Once upon a time, developing a new vaccine was a step-by-step process that went from concept, to design, to tests in humans, to regulatory approval, to manufacturing.
It was a process that could take a decade or more.
But the urgent need for a COVID-19 vaccine has radically changed all that. Now, the hope is the entire process can be completed in a year or less.
A good example of the new paradigm is a vaccine being developed by Novavax. It’s what’s called a protein subunit vaccine. The proteins are encased in a nanoparticle that gets injected into a person, along with a generalized immune stimulant known as an adjuvant.
“We have a lot of confidence based on what we’ve see so far based on our animal modeling that the vaccine will work,” says Gregory Glenn, president of research and development at Novavax.
Positive results with animal testing doesn’t always translate to successful results in people, so, typically, Glenn would be waiting to see the results of the human testing that has just begun before making any big decisions about manufacturing.
But he won’t be waiting this time. A lot of steps that used to come one after another are taking place concurrently.
“One of the most dramatic things we’re doing in parallel is to assume the vaccine is going to work, so we scale it up now,” Glenn says.
It’s called at-risk manufacturing and scaling up means being able to produce the hundreds of millions of doses or more that will be needed.
But Novavax is in the vaccine development business. It doesn’t have the ability to manufacture those hundreds of millions of doses. So the company has turned to Emergent Biosolutions.
Sean Kirk, executive vice president of manufacturing and technical operations for Emergent Biosolutions, recently took me on a virtual tour of the company’s advance manufacturing facility in Baltimore, Md.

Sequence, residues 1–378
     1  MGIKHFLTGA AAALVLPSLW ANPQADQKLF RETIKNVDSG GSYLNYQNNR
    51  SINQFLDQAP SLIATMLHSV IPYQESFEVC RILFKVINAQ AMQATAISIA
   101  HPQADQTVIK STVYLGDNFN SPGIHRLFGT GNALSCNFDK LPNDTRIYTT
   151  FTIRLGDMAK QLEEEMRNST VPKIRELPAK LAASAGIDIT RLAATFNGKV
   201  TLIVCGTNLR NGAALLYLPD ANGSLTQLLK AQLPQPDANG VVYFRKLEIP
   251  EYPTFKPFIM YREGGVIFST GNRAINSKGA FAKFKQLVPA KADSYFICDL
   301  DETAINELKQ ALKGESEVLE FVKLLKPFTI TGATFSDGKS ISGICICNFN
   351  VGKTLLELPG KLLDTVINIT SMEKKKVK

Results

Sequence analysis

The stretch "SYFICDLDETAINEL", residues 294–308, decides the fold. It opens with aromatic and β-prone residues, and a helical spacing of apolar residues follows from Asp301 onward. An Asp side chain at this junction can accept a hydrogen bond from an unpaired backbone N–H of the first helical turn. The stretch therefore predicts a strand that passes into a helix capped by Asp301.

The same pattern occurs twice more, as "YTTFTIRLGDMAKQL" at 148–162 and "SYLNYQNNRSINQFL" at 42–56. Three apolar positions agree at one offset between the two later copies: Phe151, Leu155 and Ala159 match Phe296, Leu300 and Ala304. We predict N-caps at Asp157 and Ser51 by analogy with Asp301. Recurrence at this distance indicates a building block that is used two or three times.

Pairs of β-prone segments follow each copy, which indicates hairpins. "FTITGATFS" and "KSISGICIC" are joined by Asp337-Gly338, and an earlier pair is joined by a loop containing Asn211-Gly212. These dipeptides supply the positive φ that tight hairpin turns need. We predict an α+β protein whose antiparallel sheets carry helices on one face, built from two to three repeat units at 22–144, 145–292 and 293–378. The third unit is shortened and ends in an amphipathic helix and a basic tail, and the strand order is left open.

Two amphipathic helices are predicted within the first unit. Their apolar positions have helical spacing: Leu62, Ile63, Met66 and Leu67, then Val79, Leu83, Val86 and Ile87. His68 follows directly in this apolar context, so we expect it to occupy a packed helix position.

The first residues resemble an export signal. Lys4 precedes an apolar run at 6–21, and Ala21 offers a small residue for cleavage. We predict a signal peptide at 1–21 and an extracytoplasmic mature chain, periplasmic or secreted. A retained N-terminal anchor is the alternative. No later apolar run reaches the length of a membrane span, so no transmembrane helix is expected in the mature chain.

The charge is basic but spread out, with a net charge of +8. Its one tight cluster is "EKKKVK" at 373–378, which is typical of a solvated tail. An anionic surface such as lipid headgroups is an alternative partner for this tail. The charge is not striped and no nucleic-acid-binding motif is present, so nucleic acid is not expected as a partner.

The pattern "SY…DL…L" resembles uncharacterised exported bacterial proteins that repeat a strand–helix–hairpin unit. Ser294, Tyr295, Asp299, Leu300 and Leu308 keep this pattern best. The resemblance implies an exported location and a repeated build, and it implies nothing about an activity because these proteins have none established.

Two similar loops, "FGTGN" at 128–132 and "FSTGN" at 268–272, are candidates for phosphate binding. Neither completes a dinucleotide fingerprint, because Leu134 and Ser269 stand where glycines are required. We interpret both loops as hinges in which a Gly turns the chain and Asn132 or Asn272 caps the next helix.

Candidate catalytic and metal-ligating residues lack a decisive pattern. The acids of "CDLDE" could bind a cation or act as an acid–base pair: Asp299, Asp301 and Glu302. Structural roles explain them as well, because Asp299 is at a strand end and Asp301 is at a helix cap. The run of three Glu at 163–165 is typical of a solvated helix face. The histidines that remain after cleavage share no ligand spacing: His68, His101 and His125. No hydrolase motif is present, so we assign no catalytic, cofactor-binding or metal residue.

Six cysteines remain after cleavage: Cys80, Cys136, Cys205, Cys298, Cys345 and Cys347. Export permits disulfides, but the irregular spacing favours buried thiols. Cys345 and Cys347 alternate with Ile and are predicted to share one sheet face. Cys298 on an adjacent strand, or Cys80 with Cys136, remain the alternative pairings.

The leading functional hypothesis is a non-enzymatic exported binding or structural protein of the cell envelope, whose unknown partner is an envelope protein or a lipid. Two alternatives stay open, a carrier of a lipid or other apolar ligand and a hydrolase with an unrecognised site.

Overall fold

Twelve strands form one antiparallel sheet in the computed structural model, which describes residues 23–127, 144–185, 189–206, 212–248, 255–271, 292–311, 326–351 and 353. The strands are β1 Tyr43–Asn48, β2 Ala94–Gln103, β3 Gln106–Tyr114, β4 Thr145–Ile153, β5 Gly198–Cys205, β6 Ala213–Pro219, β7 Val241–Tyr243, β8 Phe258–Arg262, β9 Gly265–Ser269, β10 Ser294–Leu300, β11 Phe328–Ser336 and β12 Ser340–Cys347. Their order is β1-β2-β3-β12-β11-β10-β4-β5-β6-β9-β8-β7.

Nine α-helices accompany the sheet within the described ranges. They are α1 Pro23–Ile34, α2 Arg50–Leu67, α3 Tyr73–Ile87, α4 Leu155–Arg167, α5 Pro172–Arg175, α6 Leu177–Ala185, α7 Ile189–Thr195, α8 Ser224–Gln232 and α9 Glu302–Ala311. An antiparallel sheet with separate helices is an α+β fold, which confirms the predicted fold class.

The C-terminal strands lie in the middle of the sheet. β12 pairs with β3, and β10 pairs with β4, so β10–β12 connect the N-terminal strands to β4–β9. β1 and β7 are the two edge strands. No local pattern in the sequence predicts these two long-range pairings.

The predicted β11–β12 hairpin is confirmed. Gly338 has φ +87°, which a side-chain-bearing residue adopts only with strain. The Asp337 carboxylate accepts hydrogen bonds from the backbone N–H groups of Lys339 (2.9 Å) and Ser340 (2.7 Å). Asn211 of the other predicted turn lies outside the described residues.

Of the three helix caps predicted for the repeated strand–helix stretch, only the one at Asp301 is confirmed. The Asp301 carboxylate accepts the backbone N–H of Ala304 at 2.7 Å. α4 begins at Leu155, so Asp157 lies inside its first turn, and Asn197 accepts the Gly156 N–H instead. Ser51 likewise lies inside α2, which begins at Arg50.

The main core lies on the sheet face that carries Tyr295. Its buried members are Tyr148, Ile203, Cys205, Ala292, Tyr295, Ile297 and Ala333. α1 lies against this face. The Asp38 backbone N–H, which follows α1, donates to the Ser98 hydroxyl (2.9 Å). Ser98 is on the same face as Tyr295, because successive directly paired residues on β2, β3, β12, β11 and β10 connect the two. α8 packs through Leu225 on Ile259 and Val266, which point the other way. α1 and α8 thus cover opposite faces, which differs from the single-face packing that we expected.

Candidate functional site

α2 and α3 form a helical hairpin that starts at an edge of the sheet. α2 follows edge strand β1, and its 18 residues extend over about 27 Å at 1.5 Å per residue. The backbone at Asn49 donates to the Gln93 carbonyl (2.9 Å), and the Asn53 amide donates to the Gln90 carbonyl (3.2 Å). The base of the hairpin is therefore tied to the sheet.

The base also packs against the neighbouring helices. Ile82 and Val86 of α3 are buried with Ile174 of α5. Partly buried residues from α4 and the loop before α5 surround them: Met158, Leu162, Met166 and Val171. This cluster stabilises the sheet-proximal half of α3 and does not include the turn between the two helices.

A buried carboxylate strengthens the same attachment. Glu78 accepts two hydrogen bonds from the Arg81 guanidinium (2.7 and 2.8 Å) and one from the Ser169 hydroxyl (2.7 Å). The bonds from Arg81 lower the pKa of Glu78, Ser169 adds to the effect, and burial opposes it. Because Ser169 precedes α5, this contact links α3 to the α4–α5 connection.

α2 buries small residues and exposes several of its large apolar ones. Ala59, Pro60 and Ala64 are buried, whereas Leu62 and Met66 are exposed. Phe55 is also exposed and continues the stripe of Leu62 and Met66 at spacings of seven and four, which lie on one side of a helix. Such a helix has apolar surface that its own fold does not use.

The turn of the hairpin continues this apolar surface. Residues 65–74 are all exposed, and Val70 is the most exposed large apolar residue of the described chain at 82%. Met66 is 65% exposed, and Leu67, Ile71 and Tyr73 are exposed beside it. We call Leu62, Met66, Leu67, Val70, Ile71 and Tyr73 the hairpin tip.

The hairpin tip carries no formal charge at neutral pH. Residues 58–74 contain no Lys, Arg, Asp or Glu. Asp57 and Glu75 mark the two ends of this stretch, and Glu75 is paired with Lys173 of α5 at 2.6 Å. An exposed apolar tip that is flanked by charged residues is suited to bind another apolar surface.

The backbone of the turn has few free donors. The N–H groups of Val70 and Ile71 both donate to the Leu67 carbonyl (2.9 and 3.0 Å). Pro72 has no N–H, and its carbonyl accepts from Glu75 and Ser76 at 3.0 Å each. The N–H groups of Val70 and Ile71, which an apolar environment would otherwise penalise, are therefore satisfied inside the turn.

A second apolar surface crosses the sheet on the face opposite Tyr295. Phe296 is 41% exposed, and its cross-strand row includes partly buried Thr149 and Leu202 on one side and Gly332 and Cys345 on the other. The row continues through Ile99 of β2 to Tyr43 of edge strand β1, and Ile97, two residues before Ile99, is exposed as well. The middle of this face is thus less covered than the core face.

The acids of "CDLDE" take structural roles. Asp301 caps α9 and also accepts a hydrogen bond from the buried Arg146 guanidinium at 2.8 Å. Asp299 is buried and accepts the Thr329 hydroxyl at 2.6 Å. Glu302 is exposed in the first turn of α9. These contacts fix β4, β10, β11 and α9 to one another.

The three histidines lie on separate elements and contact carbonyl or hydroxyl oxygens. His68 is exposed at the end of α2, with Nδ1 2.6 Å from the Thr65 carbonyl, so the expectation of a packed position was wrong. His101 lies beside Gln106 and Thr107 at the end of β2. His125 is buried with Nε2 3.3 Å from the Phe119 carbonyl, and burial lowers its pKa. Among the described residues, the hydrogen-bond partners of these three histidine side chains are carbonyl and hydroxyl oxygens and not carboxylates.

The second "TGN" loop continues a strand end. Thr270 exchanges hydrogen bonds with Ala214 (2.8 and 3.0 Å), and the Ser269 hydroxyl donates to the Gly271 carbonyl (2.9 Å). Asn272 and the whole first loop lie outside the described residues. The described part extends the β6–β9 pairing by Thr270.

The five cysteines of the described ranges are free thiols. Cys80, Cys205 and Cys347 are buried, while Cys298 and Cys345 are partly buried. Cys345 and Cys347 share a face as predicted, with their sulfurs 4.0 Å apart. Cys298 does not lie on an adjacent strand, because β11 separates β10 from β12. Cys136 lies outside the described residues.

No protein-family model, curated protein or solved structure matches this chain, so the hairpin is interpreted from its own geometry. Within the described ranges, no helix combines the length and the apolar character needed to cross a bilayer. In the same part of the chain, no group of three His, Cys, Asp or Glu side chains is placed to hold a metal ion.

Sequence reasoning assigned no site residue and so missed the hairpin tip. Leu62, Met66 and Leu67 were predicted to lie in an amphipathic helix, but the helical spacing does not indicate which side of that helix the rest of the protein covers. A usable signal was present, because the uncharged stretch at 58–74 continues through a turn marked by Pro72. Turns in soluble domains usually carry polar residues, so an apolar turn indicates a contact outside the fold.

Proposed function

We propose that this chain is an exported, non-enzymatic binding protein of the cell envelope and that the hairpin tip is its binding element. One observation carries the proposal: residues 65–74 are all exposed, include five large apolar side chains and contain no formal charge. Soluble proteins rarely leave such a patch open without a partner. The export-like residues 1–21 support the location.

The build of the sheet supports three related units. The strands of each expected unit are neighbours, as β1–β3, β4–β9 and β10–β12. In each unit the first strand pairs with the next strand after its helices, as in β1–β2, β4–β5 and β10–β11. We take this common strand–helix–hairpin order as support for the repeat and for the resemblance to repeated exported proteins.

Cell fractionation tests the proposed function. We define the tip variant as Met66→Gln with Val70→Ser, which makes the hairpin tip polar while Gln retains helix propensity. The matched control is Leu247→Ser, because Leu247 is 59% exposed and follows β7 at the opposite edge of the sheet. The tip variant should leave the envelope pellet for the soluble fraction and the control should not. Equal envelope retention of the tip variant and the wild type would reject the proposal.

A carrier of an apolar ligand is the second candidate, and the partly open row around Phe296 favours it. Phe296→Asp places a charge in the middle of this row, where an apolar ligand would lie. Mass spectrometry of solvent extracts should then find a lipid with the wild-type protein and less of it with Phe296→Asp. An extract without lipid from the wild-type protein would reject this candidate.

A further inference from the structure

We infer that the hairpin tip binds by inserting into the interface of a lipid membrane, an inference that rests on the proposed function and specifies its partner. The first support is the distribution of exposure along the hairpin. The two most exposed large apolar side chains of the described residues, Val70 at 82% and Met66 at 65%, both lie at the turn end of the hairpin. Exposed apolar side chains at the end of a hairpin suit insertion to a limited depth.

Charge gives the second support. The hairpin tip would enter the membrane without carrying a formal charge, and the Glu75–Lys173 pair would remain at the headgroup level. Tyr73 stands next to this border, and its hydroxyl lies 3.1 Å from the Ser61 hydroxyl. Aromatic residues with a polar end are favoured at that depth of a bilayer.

His phone camera shows Kirk standing with some colleagues in a corridor next to a large glass window. On the other side of the glass is a room where the Novavax vaccine is being made.
“What you’re looking at right here is one step in a multiple step process,” Kirk tells me.
He points his cellphone camera into the room. I can see several stainless steel pieces of equipment, each about the size of a commercial refrigerator.
The vaccine is actually generated by living cells called a tissue culture that are grown inside a large plastic bag.
“You can see the bag sticking out the top. Can you see it?” Kirk asks.
Technicians inside the room are loading the bag into a 50-liter vessel that is part of what’s called a bioreactor.
“Around the outside of this is the vessel itself that provides the heating, the cooling, and with the inserted agitators, the mixing,” Kirk explains. “From here we grow the culture and we transfer it to a larger bioreactor, thousand-liter, two thousand-liter, 4 thousand-liter to be able to expand up the volume and get the yields that we need to successfully produce the doses.”
All of this has to be done to strict Food and Drug Administration standards known as Current Good Manufacturing Practices. The process can be finicky.
It’s a challenging task, but Kirk says he and his team is up to it. That confidence may be because the company they work for was created specifically to deal with public health crises.
“Emergent Biosolutions has been around for a little over 20 years,” says Bob Kramer, president and CEO.
The company specializes in dealing with public health issues and dangerous substances. It makes vaccines for anthrax, smallpox, typhoid and cholera.
Kramer says in 2012, the Department of Health and Human Services asked Emergent to build for them a special kind of facility, “where they could bring new technology into that facility and be able to quickly scale up and manufacture large volumes of vaccines for whatever emerging infectious disease we were presented with.”
On June 1, the government announced it was providing Emergent with an additional $628 million to make and package vaccines.
Kramer says his company has a robust manufacturing capacity.
“We already have the capability to produce hundreds of millions of doses in our existing infrastructure,” he says.
But all that infrastructure and all the money that’s being spent to expand it will be for naught if the vaccines don’t work. It’s a gamble health officials say the country has to make.